John Tanner, the Interior Department’s Director of Congressional and Legislative Affairs, supported a 2012 bill demanding the federal government transfer public lands to the State of Utah. The bill was sponsored by Utah State Rep. Ken Ivory, the founder of the American Lands Council, an organization that advocates for the transfer of federal public lands.

Since November 2017, John Tanner has been the Director of the Office of Congressional and Legislative Affairs at the Interior Department. 

[Press Release, Orrin Hatch, 11/13/17; LinkedIn Profile for John Tanner, accessed 03/29/18]

John Tanner retweeted  former Utah Attorney General John Swallow’s tweet saying, “How cool it was to see months of work culminate in the signing of HB 148 on pub lands  Kudos to Ivory, Barrus, Lee, Herbert, Hatch & team UT.” 

[Tweet by John Swallow, 03/23/12, accessed 11/15/17]

Utah House Bill 148, signed into law by Governor Gary Herbert in 2012, “asks the federal government, which owns a majority of the land in the state, to give back more than 20 million acres.” The bill was sponsored by Utah State Rep. Ken Ivory, the founder of the American Lands Council, an organization that advocates for the transfer of federal public lands. 

[Kirk Johnson, “Utah Asks U.S. to Return 20 Million Acres of Land,” The New York Times, 03/24/12]

Additionally, John Tanner spent seven years working for land transfer enthusiast Congressman Rob Bishop. 

Tanner worked previously for Congressman Rob Bishop in Utah, first as Constituent Services Representative/Field Representative from 2003 to 2007, then as Salt Lake Regional Director from 2008 to 2010. 

[Legistorm Profile for John Tanner, accessed 03/29/18]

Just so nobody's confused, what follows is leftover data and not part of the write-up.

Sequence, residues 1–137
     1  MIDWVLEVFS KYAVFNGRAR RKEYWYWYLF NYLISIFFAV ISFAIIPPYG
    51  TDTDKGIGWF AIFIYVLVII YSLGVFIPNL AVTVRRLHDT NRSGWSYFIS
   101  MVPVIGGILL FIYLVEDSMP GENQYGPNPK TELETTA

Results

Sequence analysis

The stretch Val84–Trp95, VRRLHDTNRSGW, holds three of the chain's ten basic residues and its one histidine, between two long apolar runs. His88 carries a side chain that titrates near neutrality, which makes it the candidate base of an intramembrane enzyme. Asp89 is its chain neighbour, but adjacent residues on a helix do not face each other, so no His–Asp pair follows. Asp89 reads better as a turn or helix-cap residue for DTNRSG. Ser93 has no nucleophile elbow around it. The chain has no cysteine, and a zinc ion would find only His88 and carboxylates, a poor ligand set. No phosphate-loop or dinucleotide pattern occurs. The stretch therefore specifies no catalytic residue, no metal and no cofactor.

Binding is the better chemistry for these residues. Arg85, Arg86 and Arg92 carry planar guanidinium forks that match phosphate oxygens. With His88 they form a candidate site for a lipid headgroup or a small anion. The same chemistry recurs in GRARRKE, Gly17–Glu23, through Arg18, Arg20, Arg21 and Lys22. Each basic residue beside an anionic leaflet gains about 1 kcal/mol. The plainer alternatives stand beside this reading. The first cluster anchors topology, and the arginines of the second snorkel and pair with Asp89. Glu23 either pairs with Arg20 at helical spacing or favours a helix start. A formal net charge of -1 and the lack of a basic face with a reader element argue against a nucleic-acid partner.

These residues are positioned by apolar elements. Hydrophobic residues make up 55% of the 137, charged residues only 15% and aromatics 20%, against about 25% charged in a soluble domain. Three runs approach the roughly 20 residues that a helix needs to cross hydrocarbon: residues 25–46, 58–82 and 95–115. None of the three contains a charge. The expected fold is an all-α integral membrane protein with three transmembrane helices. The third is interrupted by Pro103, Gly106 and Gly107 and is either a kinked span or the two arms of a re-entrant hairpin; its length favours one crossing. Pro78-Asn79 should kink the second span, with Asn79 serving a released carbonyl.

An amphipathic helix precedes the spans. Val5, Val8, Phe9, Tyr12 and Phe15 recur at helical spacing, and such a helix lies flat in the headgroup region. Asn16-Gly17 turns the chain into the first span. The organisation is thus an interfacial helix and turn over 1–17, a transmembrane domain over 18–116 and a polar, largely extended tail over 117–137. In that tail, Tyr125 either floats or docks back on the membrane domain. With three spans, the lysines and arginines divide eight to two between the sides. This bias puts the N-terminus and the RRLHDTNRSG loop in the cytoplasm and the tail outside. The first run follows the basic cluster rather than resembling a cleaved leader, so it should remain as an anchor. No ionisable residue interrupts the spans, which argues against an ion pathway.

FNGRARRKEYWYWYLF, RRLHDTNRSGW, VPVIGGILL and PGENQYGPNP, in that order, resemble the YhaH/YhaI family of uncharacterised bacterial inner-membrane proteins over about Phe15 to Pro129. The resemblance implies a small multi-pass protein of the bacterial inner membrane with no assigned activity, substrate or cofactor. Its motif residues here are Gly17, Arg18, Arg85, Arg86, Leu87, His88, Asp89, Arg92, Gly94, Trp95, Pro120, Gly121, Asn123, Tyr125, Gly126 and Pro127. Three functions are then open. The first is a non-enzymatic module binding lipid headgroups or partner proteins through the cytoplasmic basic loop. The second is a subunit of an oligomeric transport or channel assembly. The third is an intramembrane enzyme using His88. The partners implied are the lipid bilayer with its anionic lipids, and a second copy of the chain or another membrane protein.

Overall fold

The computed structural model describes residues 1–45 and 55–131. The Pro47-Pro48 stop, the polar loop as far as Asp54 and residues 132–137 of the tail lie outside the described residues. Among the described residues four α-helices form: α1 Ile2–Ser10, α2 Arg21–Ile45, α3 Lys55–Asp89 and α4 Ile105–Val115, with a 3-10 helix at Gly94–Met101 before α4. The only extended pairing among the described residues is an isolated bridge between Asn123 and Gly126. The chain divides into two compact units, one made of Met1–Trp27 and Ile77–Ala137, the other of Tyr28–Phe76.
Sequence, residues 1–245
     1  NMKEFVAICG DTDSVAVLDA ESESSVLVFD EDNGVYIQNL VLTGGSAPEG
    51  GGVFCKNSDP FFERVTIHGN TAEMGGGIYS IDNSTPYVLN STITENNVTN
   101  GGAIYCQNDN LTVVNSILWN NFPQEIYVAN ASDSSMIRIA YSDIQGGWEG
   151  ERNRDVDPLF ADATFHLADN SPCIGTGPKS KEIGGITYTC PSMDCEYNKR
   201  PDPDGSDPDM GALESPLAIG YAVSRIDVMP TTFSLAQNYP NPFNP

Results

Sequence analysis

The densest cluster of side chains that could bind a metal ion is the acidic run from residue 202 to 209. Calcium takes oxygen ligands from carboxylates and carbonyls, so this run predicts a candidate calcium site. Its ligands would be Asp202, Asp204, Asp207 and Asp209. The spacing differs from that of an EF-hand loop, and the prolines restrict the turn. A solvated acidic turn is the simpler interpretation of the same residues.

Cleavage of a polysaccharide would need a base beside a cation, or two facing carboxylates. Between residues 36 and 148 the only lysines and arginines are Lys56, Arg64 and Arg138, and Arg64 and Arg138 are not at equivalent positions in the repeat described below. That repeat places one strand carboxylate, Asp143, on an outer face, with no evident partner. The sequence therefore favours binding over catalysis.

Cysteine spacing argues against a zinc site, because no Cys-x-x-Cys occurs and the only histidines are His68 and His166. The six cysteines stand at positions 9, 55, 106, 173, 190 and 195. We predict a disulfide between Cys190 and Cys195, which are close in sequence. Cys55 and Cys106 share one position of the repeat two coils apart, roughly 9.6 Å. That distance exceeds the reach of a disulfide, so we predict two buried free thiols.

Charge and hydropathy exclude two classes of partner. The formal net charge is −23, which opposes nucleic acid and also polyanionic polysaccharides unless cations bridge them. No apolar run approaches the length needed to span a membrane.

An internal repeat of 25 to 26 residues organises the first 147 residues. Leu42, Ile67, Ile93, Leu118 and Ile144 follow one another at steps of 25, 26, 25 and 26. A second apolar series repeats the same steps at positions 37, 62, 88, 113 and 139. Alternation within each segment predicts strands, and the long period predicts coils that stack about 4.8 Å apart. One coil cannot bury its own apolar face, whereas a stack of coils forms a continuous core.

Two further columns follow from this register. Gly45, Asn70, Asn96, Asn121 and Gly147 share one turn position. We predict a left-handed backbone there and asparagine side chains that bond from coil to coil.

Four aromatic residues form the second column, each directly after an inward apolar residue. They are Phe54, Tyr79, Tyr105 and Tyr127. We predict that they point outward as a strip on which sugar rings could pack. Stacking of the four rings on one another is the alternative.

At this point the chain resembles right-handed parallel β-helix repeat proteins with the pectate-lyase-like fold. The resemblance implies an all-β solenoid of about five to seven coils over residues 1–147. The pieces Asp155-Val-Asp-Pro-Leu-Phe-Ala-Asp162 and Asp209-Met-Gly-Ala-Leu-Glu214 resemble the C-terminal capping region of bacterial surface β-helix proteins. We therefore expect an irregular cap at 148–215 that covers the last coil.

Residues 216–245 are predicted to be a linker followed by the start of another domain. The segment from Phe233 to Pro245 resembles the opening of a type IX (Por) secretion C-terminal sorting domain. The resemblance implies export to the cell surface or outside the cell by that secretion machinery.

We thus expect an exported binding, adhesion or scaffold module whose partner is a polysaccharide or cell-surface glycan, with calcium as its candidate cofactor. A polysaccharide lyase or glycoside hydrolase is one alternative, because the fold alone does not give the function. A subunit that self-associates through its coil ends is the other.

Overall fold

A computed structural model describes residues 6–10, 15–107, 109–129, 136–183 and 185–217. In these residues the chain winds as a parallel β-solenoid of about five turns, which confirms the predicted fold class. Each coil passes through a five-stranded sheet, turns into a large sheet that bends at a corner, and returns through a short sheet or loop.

During his time in Congress, Congressman Rob Bishop has sponsored legislation to fund transferring federal land to local and state governments and advocated for ways to make it easier to “cede federal control of public lands to state officials.” 

[Timothy Cama, “GOP chairman seeks $50M to transfer federal land,” The Hill, 03/06/17; Juliet Eilperin, “Rob Bishop-led rules change would make it easier to sell off federal land in Utah and elsewhere,” Washington Post, 01/04/17]

 Ryan Nichols, Advisor in the Office of Water and Science

Ryan Nichols, an advisor to the Office of Water and Science in the Department of the Interior since 2017, presented to the American Land Exchange Council’s (ALEC) Federalism Task Force “on the topic of transfer of public lands & empowering local communities to make land-use decisions.”

In a closed-door meeting, tweeted about by ALEC’s board of directors secretary Republican South Carolina Rep. Alan Clemmons, on November 28, 2018, Nichols along with then-Secretary Ryan Zinke and other Interior officials presented to the Koch-backed organization on Interior’s efforts to transfer public lands to states and how Interior was empowering local governments to make land-use decisions regarding federal public lands. The tweet by Clemmons misidentifies Nichols as an employee of the Heritage Foundation, his former employer and an organization that advocates for land transfer. 

[Ryan Zinke, Lover Of Public Lands, Can’t Keep His Staff From Proposing Sell-Offs, Huffington Post, 12/07/2018]

At the Heritage Foundation, where he worked before he started at Interior, Ryan Nichols organized a “Western lands management” event with Federalism in Action (FIA). FIA is affiliated with “organizations funded by the Koch brothers and other donors pushing right-wing causes” and has fought for the transfer of federal lands to the states.

Since February 2017, Ryan Nichols has worked as an advisor to the Office of Water and Science in the Department of the Interior. Before starting at Interior, Nichols worked at the Heritage Foundation as the Associate Director of Coalition Relations. 

[LinkedIn Profile for Ryan Nichols, accessed 03/29/18]

While at the Heritage Foundation, Ryan Nichols “co-organized with Federalism in Action a nationally televised event and a coalition strategy meeting on the issue of Western lands management with the Utah Speaker and 26 other influential leaders.” 

[Department of the Interior, FOIA Response, 06/07/17]

Federalism in Action is a “South Carolina-based group affiliated with organizations funded by the Koch brothers and other donors pushing right-wing causes” and has fought for the transfer of federal lands to the states. 

[Brian Maffly, “Utah’s Ken Ivory recruiting ‘leaders’ to launch grass-roots lands-transfer movement,” Salt Lake Tribune, 02/03/16]